Overview by Filipe Dias Costa and Juan Manuel Martinez Rojas, Research Associates PILPG NL
The EU gave a joint statement through Austria supporting the ongoing investigation in Myanmar/Bangladesh concerning the Rohingya and the situation in Syria.
The United Kingdom, France, and Australia called upon better resource management from the Court and possible reforms on the working structure to achieve more effectiveness.
Palestine indirectly denounced the U.S. approach towards the Court and determined the Prosecutor’s situation on Palestine as a test for the Court’s impartiality from external factors.
During the second plenary meeting of the 17thAssembly of States Parties on 5 December 2018, 26 States Parties to the Rome Statute issued their statements. A common aspect found in nearly all statements was the commendation of complementarity and cooperation as the cornerstones of the international criminal legal system. In parallel, most states also urged the Court’s role to combat impunity and ensure proper accountability for atrocities. A shared critique found in the statement of the EU and in other European states was the necessity to enhance the role of victim participation and to ensure their proper reparation in future and ongoing cases.
Palestine and Georgia reinforced their pleas on the ongoing work of the Office of the Prosecutor in their respective open situations. More energic, Palestine negatively noted the lapse of time since the beginning of the investigations and urged for future developments on the matter.
Several statements, including from Austria, the Czech Republic, Sweden, Liechtenstein, Slovakia, and France called for further developments in the investigations concerning the Rohingya in Myanmar and Bangladesh and the situation in Syria and urged the Office of the Prosecutor to continue its work in these matters in order for them to be fledged out as concrete cases.
States Parties also urged for the need for an ongoing development of gender and geographical equality on the staff of the ICC as a mechanism to more adequately reflect the diversity of the States Parties and their different legal cultures.
African states reinforced their utmost support of the ICC and its importance in their legal systems. In this sense, Gambia invited the ICC to conduct more activities in Africa inasmuch as Africa needs the ICC as the ICC needs Africa. Nigeria defended the inclusion of transnational corruption as a crime under the ICC’s jurisdiction insofar it may cause more death and destruction than the crimes already prescribed in the Statute. South Africa asked for more clarity with regard to the scope of UN Security Council referral resolutions.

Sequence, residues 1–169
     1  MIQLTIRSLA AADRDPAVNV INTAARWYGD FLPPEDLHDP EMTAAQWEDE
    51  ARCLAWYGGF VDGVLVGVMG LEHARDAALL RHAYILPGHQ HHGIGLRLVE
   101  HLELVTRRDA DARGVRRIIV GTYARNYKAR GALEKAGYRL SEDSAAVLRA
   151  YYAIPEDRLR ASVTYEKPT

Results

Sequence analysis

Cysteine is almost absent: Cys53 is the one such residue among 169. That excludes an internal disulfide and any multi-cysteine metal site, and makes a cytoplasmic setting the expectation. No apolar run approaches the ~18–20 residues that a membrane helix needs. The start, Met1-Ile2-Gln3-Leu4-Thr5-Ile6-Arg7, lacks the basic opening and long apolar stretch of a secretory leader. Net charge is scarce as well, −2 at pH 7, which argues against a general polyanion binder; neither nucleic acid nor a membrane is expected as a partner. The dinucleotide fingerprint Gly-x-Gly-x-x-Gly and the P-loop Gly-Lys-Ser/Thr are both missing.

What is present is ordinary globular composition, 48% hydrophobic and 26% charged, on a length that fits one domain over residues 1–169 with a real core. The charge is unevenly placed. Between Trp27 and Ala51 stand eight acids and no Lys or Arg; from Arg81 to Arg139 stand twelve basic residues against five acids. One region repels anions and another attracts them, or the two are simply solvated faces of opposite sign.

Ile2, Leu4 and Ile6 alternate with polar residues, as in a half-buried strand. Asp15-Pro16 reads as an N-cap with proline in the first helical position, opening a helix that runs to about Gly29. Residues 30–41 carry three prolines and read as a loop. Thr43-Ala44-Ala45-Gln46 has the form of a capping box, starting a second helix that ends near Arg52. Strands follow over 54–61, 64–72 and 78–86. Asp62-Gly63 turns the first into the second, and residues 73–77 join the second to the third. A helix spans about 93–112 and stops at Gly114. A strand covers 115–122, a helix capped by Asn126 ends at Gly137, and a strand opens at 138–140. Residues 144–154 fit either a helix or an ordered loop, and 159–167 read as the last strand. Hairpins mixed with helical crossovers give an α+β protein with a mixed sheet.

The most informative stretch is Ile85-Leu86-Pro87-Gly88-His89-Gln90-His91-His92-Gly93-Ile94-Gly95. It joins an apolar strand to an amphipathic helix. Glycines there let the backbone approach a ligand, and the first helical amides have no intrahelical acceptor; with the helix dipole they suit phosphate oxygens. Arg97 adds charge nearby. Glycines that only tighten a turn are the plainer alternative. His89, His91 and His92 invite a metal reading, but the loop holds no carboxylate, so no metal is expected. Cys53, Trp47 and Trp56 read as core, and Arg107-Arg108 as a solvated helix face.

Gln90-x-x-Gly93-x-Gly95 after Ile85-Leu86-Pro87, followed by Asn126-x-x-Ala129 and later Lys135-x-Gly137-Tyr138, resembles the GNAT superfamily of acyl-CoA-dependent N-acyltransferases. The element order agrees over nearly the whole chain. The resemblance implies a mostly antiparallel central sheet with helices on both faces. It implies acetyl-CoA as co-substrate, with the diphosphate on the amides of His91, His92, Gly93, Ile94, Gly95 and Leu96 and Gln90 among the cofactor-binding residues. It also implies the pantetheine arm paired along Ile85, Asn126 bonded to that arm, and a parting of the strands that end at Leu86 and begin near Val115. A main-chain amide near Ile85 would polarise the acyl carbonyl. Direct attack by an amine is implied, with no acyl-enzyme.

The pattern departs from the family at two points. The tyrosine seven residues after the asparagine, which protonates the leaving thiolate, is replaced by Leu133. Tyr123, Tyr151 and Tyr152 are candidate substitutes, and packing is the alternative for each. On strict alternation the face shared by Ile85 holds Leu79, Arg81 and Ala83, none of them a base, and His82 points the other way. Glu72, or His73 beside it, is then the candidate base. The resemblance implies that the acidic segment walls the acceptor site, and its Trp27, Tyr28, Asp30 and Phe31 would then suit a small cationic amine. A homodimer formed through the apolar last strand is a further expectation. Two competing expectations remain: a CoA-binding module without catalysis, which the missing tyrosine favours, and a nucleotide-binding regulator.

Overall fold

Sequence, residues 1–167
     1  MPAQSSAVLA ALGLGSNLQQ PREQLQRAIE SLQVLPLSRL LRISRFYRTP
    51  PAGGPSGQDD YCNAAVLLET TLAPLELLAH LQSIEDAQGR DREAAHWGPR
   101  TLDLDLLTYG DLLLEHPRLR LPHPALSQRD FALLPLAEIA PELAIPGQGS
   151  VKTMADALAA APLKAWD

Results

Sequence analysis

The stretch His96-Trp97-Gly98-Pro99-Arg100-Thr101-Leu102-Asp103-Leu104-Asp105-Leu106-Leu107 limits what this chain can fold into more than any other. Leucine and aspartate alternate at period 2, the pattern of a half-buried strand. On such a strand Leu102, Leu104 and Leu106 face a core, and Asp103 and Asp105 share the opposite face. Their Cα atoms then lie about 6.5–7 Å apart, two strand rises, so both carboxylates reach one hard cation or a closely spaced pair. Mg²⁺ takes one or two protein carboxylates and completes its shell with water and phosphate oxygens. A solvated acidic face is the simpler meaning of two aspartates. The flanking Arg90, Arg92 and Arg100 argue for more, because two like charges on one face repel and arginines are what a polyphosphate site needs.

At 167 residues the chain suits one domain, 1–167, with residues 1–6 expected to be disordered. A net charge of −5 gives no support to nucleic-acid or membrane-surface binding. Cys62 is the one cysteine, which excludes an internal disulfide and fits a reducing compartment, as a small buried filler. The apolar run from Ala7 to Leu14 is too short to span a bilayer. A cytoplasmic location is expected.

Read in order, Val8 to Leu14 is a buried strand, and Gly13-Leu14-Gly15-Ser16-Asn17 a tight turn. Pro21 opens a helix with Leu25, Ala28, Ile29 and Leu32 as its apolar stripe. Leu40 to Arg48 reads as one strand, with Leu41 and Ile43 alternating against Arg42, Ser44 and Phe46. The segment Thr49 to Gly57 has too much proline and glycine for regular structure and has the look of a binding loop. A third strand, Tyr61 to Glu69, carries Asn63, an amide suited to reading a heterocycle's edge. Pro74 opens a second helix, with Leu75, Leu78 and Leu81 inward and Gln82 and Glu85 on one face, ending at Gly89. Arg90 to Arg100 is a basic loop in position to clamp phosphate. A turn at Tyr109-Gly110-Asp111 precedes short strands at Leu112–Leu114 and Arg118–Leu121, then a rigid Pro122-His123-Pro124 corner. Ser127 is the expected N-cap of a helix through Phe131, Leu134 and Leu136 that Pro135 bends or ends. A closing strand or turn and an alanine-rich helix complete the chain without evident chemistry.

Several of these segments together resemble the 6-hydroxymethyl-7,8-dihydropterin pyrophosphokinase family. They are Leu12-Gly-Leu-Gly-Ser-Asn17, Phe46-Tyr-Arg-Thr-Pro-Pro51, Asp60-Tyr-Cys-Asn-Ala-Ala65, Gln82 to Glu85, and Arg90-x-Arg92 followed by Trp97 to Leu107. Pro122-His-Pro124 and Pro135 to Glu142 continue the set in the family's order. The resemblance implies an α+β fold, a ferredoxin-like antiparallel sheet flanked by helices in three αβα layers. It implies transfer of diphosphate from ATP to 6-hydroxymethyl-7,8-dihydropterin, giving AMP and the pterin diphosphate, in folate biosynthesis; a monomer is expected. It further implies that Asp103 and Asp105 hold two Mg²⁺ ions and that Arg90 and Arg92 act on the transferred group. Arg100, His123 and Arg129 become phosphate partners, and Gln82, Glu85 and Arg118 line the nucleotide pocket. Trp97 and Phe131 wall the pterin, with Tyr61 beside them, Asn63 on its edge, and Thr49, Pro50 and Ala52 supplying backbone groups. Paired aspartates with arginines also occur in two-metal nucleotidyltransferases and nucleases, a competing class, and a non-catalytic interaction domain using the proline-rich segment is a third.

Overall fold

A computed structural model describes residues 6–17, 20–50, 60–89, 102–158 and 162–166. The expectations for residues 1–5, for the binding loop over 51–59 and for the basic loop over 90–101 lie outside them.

The states reflected upon the developments that took place in the year of 2018 for the ICC by lamenting the withdrawal of the Philippines from the Rome Statute and by remarking the achievement on the activation of the Court jurisdiction over the crime of aggression.
Many states reiterated the importance of victim participation and reparation and lauded the work of the TFV. Germany announced to donate 300.000 EUR to the TFV, while the Czech Republic pledged to donate 20.000 EUR. Also Slovakia and Ireland stated that a donation to the TFV is coming.
Several states praised the 2019 budget proposal due to its increased transparency. Nonetheless, it was remarked that the standards used to achieve such results are still insufficient and a more thorough approach should be applied in future discussions.
Regardless, the vast majority of the states commemorated the 20thanniversary of the Rome Statute and considered this landmark as an important development in combatting impunity, albeit calling for changes in the ICC in order to more efficiently fulfil its core role and values. Many states see the 20thanniversary of the Rome Statute as an opportunity to reflect upon achievements and challenges of the ICC.
Finally, the meeting was suspended after Ecuador’s statement due to time constraints and the general debate will continue during the 3rdplenary meeting on Thursday 6 December.